Mr. Reyes, a 50-year-old executive, is preparing to relocate with his 50-year-old wife and two daughters to New York City. The Reyes' total liquid net worth is $33 million, held primarily in Mr. Reyes' name. The Reyes expect to spend approximately $750,000a year after their move. Mr. Reyes' after-tax compensation should be sufficient to cover these expenses. If Mr. Reyes continues to work for 10 more years, the Reyes will not need to draw from their savings to support their spending needs until 2027, when they are both 60.The Reyes are working with an attorney to reduce their taxable estate by implementing a pre-immigration estate-planning strategy. Their attorney advised Mr. Reyes to create and fund a drop-off trust for the benefit of his wife and daughters, but the Reyes are concerned about parting with too much wealth, given their relatively young age. They want help determining how much they can afford to devote to funding a drop-off trust. They are also unsure whether the drop-off trust should be domestic or foreign. Our analysis began by quantifying Mr. and Mrs. Reyes' core capital requirement: the liquid assets they need to have today to support their lifestyle for many years, based on their spending rate and life expectancy. To determine core capital with a high degree of confidence, one should assume poor capital-market returns, higher-than-expected inflation, and the possibility that Mr. and Mrs. Reyes could live to a very old age. Using Bernstein's Wealth Forecasting System, we calculated the core capital required to sustain the Reyes' spending for the next 40 years to be between $24 million and $28.3 million, depending on how the assets are invested (Display 1)

The top three most common myths on the subject of pre-immigration tax planning are:

1) Pre-immigration tax planning must be completed at least five (5) years prior to immigration.

2) A pre-immigration trust that is disregarded for U.S. Income Tax purposes is also disregarded for U.S. Estate and Gift Tax purposes.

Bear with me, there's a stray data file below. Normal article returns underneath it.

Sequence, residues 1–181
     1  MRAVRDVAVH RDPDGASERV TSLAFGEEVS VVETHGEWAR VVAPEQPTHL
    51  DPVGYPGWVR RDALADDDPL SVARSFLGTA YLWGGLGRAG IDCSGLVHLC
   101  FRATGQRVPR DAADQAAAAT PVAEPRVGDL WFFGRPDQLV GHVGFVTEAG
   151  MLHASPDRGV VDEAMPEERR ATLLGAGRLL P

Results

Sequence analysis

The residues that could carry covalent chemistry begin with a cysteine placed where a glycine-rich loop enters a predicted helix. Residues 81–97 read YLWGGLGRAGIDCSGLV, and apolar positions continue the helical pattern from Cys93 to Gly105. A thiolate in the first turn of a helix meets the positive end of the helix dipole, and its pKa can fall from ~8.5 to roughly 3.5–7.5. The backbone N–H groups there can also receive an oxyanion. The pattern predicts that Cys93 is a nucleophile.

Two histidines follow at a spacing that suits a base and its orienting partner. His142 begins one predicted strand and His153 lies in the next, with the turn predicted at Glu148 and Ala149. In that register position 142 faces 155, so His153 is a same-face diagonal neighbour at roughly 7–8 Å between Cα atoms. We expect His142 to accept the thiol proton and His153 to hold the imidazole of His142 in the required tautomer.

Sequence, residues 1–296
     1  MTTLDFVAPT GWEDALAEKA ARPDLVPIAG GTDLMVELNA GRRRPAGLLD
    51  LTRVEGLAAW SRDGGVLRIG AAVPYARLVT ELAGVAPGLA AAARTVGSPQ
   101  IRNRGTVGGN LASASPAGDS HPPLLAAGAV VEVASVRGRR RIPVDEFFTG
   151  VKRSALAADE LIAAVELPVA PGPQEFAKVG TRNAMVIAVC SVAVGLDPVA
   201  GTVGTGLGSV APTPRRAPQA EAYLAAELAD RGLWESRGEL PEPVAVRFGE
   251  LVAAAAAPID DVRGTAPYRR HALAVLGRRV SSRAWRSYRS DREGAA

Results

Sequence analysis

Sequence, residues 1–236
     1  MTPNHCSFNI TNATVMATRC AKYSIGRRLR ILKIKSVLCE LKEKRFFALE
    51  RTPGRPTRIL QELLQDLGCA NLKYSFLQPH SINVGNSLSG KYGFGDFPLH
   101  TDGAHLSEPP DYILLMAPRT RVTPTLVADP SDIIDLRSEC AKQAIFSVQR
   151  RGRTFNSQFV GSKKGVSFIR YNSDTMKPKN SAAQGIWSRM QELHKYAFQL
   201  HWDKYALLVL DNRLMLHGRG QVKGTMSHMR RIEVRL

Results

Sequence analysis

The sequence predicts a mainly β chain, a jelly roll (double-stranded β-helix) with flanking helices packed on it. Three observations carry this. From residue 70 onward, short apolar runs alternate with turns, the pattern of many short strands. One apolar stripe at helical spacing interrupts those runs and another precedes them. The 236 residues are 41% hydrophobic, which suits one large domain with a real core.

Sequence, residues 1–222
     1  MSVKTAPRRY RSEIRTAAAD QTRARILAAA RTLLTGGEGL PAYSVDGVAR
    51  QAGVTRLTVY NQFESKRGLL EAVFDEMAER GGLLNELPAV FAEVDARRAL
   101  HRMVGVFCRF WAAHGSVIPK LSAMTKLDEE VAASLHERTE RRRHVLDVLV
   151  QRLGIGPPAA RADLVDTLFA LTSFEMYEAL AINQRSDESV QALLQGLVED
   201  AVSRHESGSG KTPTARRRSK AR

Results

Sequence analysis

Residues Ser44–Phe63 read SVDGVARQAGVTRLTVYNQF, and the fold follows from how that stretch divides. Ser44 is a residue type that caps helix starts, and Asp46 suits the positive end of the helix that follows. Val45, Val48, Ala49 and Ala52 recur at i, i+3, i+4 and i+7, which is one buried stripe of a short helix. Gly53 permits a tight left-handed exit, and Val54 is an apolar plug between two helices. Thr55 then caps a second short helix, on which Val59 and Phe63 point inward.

3) Pre-immigration U.S. Estate and Gift Tax planning must be completed before entering the United States

  • Pre-Immigration Tax Planning Must be Complete 5 Years Prior to Immigration

The reason this is such a common statement and where the myth arises is from the U.S. Tax Code Section 679(a)(4). This section provides that a trust settled within five (5) years of a person becoming a U.S. person will be treated as a grantor trust. This means, for income tax purposes, the individual is taxed on the income of the trust as if the income was made by that person individually. What does this mean?

It may be better to have the trust taxed as a grantor trust if the individual plans to permanently immigrate to the U.S. If an individual permanently immigrates to the U.S. and is not paying the taxes on the foreign trust then the U.S. will apply what is called a “throwback” tax on the accumulated income in the trust. This can end up causing a tax on the trust that will cost more than the income produced by the trust. This leads directly into the second point, it is important to speak with a professional to help you understand if you need:

  1. Pre-Immigration Income Tax planning, or
  2. Pre-Immigration Estate and Gift Tax planning.
  • A Pre-Immigration Trust Disregarded for U.S. Income Tax Purposes is also Disregarded for U.S. Estate and Gift Tax Purposes

A foreign trust, settled within five (5) years of immigration to the United States is treated as a grantor trust, or “disregarded” by the U.S. for Income Tax purposes. However, the U.S. Income Tax Code and the U.S. Gift and Estate Tax Code are separate subtitles on the overall U.S. Tax Code. This means that each has specific definitions, provisions, and considerations that apply only to that specific subtitle. Section 679(a)(4) is one of those provisions that applies only to the U.S. Income Tax Code. This is well established and has been recognized by a House Report and the U.S. Treasury.